An 'Ikea' House!

Discussion in 'Off The Beaten Track' started by Jot the Dot Dot, Nov 24, 2013.

  1. Jot the Dot Dot

    Jot the Dot Dot Well-Known Member

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  2. alj5

    alj5 Well-Known Member

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    Neat idea for a single or a very minimalist couple
  3. AliasJohnDoe

    AliasJohnDoe Spin Alissa Spin!!!

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    I like it. But I'm the anti-pack rat.

    My only concern is if it could withstand a zombie apocalypse. I'd feel safer if it was capable of floating on water.
    halffull and (deleted member) like this.
  4. WildRose

    WildRose Well-Known Member

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    Very cool, thanks for posting the link!
  5. Aussie Willy

    Aussie Willy Well-Known Member

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    Thanks for posting that. I have been interested in the small house movement for quite a while now so it is good to see what innovations are out there.
  6. zaphyre14

    zaphyre14 Well-Known Member

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    I'd like the scale model to add to my dollhouse collection, although it doesn't say what scale the model is.
  7. mrr50

    mrr50 Well-Known Member

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    think of how much better type of structure this would have been than the trailers that the refugees from Katrina received. Or Haiti victims who received ....not much. My concern would be how they withstand wind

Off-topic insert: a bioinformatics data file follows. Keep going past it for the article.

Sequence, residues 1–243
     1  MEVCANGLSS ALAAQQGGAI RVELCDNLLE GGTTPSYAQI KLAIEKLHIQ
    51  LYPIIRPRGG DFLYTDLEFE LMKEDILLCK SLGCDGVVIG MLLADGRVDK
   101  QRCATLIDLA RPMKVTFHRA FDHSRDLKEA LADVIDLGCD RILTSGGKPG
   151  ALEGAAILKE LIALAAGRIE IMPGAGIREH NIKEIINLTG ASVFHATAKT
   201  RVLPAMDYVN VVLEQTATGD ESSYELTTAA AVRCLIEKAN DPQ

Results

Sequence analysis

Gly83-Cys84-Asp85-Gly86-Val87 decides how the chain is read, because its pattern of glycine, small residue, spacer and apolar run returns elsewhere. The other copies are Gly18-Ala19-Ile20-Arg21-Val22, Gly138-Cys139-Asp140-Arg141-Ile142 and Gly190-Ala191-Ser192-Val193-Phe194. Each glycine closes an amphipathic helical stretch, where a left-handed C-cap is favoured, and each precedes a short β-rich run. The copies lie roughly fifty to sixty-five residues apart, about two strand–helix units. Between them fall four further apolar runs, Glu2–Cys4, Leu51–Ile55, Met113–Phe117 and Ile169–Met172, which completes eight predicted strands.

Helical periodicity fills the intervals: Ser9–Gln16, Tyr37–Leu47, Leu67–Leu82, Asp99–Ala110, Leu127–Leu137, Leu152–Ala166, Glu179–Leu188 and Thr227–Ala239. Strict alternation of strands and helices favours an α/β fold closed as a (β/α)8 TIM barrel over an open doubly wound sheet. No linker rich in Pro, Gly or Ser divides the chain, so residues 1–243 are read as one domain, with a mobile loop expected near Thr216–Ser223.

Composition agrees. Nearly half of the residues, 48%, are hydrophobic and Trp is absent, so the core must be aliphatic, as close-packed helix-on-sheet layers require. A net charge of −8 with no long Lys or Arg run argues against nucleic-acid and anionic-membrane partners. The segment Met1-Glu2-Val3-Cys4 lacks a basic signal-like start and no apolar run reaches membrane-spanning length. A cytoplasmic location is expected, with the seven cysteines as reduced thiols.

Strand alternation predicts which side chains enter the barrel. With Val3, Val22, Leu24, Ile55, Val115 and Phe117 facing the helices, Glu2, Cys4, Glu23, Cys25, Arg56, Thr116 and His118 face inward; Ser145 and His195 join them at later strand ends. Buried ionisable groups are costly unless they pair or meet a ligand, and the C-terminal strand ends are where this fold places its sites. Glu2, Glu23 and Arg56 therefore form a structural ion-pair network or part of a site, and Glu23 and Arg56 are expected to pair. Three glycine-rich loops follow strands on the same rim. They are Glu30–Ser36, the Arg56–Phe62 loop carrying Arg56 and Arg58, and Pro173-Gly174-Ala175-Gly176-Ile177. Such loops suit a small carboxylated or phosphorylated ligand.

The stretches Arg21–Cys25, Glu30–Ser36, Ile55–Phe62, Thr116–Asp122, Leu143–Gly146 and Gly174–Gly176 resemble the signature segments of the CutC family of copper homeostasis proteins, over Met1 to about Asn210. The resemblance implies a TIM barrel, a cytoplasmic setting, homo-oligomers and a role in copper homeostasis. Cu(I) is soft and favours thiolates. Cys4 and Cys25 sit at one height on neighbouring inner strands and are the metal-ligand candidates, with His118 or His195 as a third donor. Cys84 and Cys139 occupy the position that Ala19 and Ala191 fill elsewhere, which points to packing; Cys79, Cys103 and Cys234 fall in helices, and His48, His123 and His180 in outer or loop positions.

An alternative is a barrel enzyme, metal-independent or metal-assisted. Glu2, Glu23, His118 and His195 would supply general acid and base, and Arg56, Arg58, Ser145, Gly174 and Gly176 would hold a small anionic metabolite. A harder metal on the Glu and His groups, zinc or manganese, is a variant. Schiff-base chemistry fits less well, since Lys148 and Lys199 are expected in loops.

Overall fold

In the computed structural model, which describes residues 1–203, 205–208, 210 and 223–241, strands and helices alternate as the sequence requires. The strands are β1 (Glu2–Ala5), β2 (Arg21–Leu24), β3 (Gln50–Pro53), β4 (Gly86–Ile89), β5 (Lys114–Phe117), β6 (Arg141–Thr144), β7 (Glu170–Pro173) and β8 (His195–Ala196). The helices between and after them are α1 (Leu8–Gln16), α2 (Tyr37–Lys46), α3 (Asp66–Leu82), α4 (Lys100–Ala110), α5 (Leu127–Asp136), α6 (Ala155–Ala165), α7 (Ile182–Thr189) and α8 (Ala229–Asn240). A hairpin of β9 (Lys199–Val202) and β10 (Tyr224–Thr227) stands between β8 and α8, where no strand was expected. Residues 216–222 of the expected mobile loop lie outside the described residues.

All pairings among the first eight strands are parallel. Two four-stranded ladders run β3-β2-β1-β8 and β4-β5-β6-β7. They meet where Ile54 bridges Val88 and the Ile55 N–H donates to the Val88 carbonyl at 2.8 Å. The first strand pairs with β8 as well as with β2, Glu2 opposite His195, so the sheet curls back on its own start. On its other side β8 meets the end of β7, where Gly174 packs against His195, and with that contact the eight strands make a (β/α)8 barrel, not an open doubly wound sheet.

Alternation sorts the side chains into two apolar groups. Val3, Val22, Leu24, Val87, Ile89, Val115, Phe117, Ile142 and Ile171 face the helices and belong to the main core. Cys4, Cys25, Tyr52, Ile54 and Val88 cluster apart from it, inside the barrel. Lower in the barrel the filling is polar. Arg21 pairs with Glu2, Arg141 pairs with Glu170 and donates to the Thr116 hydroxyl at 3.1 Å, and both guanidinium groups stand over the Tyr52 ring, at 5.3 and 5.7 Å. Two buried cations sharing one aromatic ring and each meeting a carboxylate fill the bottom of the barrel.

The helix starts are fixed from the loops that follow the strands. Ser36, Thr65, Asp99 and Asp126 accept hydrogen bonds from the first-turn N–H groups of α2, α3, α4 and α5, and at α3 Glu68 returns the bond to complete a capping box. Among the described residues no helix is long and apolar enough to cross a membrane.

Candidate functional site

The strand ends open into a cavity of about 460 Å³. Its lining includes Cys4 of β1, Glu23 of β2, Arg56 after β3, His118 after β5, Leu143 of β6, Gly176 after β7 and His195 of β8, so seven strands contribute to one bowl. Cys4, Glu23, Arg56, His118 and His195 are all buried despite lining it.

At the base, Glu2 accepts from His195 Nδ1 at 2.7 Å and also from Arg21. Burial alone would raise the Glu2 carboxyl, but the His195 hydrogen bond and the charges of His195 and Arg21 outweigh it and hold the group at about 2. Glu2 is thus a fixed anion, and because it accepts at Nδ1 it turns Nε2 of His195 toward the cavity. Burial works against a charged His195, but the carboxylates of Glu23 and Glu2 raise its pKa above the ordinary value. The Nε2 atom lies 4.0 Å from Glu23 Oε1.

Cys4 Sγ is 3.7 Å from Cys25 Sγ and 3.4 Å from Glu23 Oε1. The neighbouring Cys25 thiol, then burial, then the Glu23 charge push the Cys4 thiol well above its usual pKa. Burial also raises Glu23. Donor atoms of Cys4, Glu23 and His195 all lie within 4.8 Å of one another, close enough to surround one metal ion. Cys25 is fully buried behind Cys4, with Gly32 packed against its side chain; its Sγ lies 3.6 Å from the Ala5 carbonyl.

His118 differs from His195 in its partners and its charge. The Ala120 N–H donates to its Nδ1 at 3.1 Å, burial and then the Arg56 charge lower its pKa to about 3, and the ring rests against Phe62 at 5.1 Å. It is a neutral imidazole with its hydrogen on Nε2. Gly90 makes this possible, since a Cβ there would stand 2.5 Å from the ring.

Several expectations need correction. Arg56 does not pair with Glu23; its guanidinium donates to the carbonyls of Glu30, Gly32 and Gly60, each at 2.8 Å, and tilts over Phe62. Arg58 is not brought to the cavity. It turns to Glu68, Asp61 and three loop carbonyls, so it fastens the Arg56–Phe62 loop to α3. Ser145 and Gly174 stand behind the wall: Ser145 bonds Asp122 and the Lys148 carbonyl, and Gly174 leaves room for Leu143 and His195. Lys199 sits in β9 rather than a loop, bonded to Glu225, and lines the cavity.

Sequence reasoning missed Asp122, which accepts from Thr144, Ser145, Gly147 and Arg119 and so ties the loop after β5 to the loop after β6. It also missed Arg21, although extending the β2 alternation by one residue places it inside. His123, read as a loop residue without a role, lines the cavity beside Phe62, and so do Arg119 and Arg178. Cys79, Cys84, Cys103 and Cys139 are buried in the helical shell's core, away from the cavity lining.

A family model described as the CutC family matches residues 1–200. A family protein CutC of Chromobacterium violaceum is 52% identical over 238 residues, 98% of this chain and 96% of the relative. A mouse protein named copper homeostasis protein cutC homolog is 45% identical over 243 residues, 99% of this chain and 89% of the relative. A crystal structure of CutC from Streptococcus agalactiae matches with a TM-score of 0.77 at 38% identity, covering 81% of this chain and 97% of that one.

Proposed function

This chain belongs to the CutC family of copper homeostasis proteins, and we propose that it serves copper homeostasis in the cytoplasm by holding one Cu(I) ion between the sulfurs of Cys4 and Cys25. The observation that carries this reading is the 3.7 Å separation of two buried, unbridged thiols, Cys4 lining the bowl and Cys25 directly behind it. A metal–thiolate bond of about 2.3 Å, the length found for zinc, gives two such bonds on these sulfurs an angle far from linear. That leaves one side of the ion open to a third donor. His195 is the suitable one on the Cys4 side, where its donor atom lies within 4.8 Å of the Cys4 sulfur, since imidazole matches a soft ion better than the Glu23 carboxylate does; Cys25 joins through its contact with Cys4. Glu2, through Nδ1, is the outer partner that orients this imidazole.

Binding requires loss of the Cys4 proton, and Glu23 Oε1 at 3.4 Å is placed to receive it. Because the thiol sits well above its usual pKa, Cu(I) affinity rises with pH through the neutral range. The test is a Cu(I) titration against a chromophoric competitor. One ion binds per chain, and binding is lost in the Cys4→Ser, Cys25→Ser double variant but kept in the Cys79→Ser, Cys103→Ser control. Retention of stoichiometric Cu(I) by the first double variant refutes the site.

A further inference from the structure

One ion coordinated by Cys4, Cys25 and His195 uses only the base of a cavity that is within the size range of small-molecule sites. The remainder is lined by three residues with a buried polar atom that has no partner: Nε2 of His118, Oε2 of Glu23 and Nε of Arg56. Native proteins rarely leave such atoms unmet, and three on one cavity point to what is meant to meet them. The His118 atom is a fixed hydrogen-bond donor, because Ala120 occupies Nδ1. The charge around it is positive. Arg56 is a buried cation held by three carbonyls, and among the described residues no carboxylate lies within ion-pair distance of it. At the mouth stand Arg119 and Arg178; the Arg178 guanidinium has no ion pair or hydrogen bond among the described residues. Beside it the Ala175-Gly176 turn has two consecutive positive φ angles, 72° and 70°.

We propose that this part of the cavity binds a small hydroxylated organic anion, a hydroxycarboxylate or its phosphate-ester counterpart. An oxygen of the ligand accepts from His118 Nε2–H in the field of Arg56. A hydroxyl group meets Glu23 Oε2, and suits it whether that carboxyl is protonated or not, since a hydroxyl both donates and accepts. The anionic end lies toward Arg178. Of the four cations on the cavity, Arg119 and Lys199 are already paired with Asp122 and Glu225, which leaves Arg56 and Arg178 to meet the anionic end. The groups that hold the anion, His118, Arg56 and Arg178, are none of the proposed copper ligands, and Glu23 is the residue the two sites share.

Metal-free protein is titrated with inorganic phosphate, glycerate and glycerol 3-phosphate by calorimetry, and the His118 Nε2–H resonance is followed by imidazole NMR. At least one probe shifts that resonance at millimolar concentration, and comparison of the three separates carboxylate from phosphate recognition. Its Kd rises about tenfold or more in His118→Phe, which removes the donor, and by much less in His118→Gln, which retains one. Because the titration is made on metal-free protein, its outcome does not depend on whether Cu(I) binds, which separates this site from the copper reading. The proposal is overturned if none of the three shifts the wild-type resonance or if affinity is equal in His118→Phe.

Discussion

8. dardar1126

    dardar1126 Well-Known Member

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    Overall, I like the concept. :)

    But for me, not so much...bad knees make loft beds with steep stairs or a ladder out of the question + I have too many books, tapes, records, CDs, etc., for such a tiny space.
  9. JasperBoy

    JasperBoy Well-Known Member

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    Funny that the focus is on reducing the size of the house to reduce housing costs. In most major cities, esp Vancouver, it is the cost of the land that drives the prices beyond the budget of most people.
    This house would be OK as an infill house, or tucked in the back of a large lot, if you could get a building permit.

    I agree that it is a really good idea, and could live in such a house, I just don't think it adresses the real issue of housing costs.
  10. cygnus

    cygnus Liberal Furry

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    I think that the stairs (if that's what they are) look kind of dangerous.

    Also, these tiny houses are obviously designed for people with no book collections.
  11. dardar1126

    dardar1126 Well-Known Member

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    I assume they expect people to either get rid of their books or to have all of them on a Kindle, etc. But for many of us, we love our books, and couldn't afford to repurchase our favorites on an electronic format...even if we wanted to do so.
  12. Gazpacho

    Gazpacho Well-Known Member

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    Is the creator's goal to make housing more affordable, or to make it more eco-friendly, or to make people more minimalist, or what? It's unclear what he's trying to accomplish.
  13. DAngel

    DAngel Active Member

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    The description says that the space is 10' x 10' space and that is about 10m^2?? :eek: That is really really tight. I used to live in a studio around 25 m^2 and I felt that was quite small... As someone who grew up a little outside the city center, where the houses often have a backyard, the idea of being crammed in a 10m^2 room for years and years to come is horrifying :scream: